‘The Witches’, for me, is a favourite Hammer on the one hand because of its setting, storyline and the themes it explores – it is essentially the first and only film from the company to explore the notion and continued existence of British witchcraft ‘writ large’ – as in, the rural traditional witchcraft practised and passed down through the ages and generations rather than straight-up Satanism as such (although I concede that many of the traditions, tools, magical words etc. shown and referenced are absolutely not found in either modern or historical Wicca or paganism!), pre-dating the more successful similarly-themed ‘The Wicker Man’ by a few years. The film delves into the notion and indeed fear that witchcraft – the bad type – still exists beneath the surface, hiding in plain sight within our most pleasant-seeming hamlets, which one can’t deny for the time was a juicy premise for a horror title. The title poster simply included the question “Does Witchcraft Exist Today?” to catch the attention of audiences who may have by this point been craving a different type of tale to the usual Gothic monster novel re-workings, ‘swashbucklers’ and invasions from other-worldy beings. ‘The Witches’ offers a more human, close-to-home story of a kind-hearted middle-aged teacher battling mental illness and trying with the odds stacked against her to protect her new pupils and community, which arguably had every reason ‘on paper’ to be well-received by Hammer fans and 1960’s movie-goers in general.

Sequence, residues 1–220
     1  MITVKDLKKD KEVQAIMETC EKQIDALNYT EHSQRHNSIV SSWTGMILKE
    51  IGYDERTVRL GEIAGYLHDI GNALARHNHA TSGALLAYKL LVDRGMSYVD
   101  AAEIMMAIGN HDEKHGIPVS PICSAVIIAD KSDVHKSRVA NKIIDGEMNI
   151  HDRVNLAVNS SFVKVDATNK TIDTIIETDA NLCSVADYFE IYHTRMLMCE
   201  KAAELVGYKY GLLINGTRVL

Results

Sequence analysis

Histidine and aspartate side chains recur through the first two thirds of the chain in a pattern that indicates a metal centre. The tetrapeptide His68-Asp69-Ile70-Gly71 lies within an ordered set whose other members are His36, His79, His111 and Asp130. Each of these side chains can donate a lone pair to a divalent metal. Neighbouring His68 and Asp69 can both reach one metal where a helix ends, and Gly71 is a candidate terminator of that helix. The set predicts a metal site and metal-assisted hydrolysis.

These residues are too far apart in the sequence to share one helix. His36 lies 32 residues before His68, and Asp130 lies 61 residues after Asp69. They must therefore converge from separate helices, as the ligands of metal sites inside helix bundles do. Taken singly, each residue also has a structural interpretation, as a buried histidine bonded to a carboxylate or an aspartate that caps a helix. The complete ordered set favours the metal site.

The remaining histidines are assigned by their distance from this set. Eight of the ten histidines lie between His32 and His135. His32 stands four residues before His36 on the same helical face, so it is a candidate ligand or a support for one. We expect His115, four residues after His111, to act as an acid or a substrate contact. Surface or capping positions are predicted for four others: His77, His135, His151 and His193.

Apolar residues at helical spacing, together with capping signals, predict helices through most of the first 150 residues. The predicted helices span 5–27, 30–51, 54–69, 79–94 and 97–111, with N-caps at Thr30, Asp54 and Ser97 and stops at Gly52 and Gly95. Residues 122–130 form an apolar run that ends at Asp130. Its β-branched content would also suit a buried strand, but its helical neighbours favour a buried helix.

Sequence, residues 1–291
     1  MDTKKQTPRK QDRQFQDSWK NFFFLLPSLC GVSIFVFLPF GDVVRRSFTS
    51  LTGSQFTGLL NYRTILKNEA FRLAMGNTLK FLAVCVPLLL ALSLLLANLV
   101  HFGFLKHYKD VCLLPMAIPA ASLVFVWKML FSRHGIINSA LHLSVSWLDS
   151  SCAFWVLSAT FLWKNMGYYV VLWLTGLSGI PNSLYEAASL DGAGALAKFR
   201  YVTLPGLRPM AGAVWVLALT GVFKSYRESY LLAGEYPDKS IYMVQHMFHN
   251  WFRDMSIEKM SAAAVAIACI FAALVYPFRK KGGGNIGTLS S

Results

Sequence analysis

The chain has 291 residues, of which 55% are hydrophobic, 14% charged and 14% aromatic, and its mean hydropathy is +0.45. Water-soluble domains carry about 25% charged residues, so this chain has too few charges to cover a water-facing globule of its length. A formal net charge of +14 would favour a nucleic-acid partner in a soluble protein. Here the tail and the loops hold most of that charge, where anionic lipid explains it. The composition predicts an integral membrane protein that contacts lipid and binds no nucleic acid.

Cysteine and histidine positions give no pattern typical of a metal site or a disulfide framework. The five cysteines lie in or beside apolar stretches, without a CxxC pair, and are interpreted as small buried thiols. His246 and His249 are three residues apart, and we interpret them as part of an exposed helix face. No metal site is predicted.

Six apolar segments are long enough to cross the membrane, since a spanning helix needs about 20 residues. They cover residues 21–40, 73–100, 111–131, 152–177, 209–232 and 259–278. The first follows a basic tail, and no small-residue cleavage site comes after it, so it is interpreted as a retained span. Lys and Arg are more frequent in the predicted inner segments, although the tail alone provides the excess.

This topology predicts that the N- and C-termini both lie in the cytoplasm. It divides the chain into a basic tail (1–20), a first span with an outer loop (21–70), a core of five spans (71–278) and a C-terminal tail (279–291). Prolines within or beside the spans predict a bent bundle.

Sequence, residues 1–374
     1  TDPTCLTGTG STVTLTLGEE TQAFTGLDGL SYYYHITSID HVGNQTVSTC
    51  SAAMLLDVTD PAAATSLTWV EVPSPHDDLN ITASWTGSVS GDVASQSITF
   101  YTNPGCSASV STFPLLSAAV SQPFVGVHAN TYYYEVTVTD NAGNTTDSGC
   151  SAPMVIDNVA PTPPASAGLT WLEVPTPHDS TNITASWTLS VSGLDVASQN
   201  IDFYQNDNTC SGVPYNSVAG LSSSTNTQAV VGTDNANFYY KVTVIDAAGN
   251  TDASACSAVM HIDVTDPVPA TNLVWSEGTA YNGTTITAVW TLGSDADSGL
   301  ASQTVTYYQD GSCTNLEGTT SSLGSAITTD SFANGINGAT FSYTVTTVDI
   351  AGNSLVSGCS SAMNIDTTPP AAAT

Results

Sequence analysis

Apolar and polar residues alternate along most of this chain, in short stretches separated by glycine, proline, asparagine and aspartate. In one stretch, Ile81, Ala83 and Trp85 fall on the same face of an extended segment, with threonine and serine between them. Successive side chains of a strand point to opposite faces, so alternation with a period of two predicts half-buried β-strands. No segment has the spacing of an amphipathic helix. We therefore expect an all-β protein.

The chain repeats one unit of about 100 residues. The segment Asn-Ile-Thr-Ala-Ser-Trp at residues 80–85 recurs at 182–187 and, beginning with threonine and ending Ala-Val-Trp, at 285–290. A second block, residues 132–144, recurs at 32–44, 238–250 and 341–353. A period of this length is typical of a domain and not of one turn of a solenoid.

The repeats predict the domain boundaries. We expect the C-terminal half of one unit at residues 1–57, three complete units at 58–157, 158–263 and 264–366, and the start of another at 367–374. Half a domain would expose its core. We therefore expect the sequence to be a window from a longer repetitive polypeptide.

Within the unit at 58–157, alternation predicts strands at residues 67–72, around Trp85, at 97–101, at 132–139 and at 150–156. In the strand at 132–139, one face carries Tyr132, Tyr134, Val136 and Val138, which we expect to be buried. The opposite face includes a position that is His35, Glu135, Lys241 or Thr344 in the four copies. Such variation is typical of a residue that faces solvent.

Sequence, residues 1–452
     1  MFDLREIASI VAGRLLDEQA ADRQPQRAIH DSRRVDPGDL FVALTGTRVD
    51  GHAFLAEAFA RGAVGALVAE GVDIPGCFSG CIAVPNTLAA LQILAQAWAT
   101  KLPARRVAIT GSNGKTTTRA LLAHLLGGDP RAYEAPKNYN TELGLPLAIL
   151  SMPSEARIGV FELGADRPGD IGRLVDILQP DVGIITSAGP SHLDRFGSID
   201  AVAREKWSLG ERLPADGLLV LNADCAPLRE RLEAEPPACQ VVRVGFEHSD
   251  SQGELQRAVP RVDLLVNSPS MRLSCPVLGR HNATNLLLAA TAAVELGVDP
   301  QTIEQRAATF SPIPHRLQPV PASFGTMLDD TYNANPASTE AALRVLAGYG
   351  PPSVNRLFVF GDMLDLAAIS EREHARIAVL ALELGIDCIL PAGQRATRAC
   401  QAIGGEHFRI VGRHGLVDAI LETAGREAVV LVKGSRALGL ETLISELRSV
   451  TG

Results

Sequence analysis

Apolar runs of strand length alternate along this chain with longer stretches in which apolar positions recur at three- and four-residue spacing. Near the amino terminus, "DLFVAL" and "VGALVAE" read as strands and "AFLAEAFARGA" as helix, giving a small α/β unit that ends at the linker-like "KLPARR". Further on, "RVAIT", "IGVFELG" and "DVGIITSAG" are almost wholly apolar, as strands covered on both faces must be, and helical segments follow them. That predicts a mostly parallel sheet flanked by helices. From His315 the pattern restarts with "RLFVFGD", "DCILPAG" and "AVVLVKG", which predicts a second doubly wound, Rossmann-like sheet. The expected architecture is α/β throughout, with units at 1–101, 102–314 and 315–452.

A second reason I love the film is the casting – particularly of the two leads. Fontaine delivers a wonderfully fragile, vulnerable performance as the nevertheless determined and calculating Gwen, who exudes gentle charm towards her new village co-habitants and displays a genuine concern for and warmth-filled rapport with all the pupils on screen. Opposite her is the fantastic Kay Walsh as the witty, domineering Stephanie. Talk about two strong female characters – and this is a 1960’s film that would pass the modern ‘Bechdel Test’ with absolute flying colours! The various villagers and the younger cast members are all high quality too, with Michelle ‘Ooh, Betty’ Dotrice, the superbly unsettling Gwen Ffrangcon-Davies and Alec McCowen all providing a strong support in their roles.